With a relative whimper, not a bang, a major rate case forPacific Gas and Electric Co. ended last Thursday with Californiaregulators on a 3-2 vote giving the utility about one-third of whatit originally requested. The raise still is quite large, however,at $229 million/annually, including a 6% hike in gas rates. Thehike amounts to about another $20/year for the typical residentialcustomer. Electric rates were hiked by $136 million/year, but therewill be no change in those rates because of the ongoing rate freezethat’s been in effect since 1996 as part of the state’s electricindustry restructuring.

The decision was a compromise sponsored by one of the two newestmembers of the California Public Utilities Commission, Carl Wood,who expressed criticism of PG&E’s original request for anincrease totaling more than $1 billion and for the utility’sapparent under-spending of past funds designated for itsreliability and customer service programs.

Concluding almost three years of regulatory processing, the CPUCordered PG&E to implement a quality assurance program toimprove its responsiveness to customers, emergencies, billingaccuracy and service restoration. If it doesn’t meet agreed-tohigher standards, it will be subject to pay penalties to customersharmed by any sub-standard performance.

“Over the past several years, a whole series of incidents hascalled the basic quality of PG&E’s service into question,” Woodsaid. “This decision will provide PG&E with the funding toreturn to better service quality, and will provide mechanisms forfinancial and regulatory accountability to assure the public thatPG&E is spending authorized funds appropriately.”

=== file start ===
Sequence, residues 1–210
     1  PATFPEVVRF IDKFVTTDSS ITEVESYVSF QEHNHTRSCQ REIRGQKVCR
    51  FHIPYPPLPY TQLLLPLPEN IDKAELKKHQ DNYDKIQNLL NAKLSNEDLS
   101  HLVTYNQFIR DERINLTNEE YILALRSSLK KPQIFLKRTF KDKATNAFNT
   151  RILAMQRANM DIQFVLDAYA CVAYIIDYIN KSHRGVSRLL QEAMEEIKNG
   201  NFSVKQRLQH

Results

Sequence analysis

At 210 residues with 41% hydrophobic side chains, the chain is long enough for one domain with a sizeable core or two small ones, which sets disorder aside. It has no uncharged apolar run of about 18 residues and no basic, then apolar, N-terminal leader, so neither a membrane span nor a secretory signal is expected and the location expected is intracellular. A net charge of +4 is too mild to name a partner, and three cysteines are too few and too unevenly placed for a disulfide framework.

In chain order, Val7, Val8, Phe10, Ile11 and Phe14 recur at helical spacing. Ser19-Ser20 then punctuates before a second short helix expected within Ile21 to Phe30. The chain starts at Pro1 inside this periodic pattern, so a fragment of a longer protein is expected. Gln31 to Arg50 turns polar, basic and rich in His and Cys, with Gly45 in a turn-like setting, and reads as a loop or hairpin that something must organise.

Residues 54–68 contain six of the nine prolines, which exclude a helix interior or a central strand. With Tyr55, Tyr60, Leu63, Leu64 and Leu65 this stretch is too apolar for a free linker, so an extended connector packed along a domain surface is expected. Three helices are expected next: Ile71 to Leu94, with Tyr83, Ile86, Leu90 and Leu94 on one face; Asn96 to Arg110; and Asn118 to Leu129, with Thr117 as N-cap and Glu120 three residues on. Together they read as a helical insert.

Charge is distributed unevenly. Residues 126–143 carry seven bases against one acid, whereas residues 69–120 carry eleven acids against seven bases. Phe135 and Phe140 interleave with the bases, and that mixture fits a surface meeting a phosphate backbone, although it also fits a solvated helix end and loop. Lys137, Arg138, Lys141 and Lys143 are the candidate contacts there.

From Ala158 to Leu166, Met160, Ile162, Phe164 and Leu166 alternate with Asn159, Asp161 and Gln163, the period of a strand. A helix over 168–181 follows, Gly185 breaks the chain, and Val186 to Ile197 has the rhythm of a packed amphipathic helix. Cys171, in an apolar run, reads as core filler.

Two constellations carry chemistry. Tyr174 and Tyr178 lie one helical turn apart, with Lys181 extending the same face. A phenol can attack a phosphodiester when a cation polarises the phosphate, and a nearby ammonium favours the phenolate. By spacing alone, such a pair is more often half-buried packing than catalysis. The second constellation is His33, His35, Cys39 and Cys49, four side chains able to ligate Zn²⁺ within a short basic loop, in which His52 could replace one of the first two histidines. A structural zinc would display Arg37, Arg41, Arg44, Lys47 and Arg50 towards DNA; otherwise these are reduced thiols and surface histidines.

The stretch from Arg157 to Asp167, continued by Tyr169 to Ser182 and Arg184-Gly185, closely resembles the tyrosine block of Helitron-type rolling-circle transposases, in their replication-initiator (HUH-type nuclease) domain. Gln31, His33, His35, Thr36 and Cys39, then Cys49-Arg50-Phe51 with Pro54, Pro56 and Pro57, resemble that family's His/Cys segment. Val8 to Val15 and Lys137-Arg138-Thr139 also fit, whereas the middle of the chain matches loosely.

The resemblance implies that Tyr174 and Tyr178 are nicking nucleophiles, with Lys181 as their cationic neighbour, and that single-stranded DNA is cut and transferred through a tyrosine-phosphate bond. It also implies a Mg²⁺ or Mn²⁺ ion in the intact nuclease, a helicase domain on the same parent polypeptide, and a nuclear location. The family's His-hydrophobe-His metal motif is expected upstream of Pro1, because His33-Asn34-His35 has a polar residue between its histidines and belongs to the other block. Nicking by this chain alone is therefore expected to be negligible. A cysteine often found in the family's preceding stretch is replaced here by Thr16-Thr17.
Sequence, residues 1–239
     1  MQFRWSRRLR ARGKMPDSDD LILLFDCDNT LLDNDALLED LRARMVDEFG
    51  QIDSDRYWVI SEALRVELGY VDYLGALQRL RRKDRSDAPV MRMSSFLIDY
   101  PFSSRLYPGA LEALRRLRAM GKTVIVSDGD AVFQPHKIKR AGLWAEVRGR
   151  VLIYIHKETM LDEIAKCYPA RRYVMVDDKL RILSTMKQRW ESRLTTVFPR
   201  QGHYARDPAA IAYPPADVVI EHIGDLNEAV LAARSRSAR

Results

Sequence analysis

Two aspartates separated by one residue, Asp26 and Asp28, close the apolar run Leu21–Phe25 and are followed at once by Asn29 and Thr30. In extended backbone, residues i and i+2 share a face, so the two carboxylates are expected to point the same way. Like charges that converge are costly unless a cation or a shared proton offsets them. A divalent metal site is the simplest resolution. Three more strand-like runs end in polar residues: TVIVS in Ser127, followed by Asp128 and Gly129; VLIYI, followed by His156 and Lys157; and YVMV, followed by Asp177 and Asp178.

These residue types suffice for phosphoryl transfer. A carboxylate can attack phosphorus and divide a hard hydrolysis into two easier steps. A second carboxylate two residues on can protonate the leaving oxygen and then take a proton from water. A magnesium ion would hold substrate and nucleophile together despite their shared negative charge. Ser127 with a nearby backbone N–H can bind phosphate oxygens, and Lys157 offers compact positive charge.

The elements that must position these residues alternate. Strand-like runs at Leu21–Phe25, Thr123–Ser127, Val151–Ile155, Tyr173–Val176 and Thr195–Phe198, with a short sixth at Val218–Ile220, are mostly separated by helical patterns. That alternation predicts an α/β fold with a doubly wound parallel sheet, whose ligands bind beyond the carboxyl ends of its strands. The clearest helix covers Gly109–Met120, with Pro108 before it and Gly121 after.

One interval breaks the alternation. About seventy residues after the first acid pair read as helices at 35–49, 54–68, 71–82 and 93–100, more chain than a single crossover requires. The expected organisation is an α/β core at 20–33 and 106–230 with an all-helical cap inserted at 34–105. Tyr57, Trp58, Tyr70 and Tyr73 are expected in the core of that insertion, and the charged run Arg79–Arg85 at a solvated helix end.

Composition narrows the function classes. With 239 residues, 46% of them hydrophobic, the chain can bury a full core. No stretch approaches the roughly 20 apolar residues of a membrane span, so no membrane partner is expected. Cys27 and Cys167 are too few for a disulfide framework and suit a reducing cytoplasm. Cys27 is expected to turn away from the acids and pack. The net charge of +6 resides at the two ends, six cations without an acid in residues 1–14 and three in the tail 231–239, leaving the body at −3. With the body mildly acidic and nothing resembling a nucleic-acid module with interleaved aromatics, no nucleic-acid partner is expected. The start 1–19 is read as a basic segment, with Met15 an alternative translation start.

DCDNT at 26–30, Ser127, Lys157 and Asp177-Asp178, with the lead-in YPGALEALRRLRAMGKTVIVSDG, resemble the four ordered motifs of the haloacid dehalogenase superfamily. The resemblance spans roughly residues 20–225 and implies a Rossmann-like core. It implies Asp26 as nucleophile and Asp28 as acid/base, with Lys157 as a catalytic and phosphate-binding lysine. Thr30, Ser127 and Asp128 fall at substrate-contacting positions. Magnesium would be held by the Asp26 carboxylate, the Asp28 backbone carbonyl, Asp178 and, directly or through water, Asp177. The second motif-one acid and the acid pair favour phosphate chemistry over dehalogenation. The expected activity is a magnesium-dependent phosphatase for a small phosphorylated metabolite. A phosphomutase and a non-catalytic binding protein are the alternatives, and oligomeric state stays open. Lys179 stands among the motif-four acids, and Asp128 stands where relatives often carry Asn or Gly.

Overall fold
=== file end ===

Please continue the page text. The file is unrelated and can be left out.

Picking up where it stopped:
CPUC President Richard Bilas sponsored a competing alternativethat would have slashed PG&E’s request even further. Bilascontended that PG&E’s request failed to prove that it hadoperated as efficiently and cost-effectively as other utilities,and it failed to prove that in recent years its reliability haddeclined due to inadequate rate coverage. PG&E had argued thatadopting Bilas’ approach would have jeopardized levels of serviceand safety for customers, requiring work force downsizing. Bilaswas one of the two commissioners voting against the alternativeapproach.

While acknowledging that the long-sought rate increases didn’tprovide what it asked for, PG&E’s prepared reaction statementsaid the company was “pleased” to finally get a decision, which itsaid “does recognize the need for additional support to maintainthe high level of service our customers expect and to invest in[California’s] energy infrastructure.”

Wood, a labor leader and one-time electric utility worker withSouthern California Edison, assured that revenue increases in thefinal decision “avoid any further [staff and program] cutbacks thathave frustrated consumers.” The decision further orders an audit ofPG&E’s 1999 capital expenditures for gas and electricitydistribution system spending by the commission’s energy division.

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